We recommend downloading one of these apps or visiting the websites before you travel to Iceland, making it easier and more convenient to check rates quickly once you’re in Iceland.
Do you need to exchange currency before visiting Iceland?
When you’re preparing for your trip to Iceland, it never hurts to keep tabs on exchange rates and aim to exchange some of your currency to ISK when the rate is favourable for you. That said, it’s not necessary to exchange currency before visiting Iceland. Most of Iceland is extremely card-friendly. Even small local stores will typically accept card payments, so you won’t need to rely on cash. Most locals pay with card as well. There are a few instances where you will need cash, including to use public bathrooms, take the local buses and pay vendors for items at flea markets. There may even be places where you must pay by card, such as for rental cars in Iceland.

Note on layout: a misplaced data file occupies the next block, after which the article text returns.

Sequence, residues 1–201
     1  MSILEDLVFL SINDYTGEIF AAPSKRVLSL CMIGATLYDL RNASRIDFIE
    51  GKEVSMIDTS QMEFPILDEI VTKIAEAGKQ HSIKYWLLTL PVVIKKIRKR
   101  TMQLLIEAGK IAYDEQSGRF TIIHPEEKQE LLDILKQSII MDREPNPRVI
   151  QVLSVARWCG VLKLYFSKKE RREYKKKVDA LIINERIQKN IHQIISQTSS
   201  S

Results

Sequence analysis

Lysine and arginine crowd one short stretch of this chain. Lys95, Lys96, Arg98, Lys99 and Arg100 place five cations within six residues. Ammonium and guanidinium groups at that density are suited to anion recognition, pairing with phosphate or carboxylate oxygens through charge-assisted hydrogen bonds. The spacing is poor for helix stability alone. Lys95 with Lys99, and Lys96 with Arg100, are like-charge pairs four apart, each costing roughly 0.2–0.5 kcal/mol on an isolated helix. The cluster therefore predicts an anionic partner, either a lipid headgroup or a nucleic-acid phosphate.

Where to exchange currency in Iceland?
If you do want to exchange currency, you can do so once you arrive in Iceland. You won’t see many specific money exchange shops in the towns of Iceland, not even in Reykjavik. So, the best option is to exchange your money at Keflavik International Airport when you arrive. There is an Arion Bank in the arrivals hall and also a desk in the departures area. Alternatively, you can exchange currency at any of the banks in Reykjavik. We recommend exchanging any currency before leaving Reykjavik, as banks are few and far between when you’re travelling in the more remote areas of Iceland.
Paying for fuel/gas in Iceland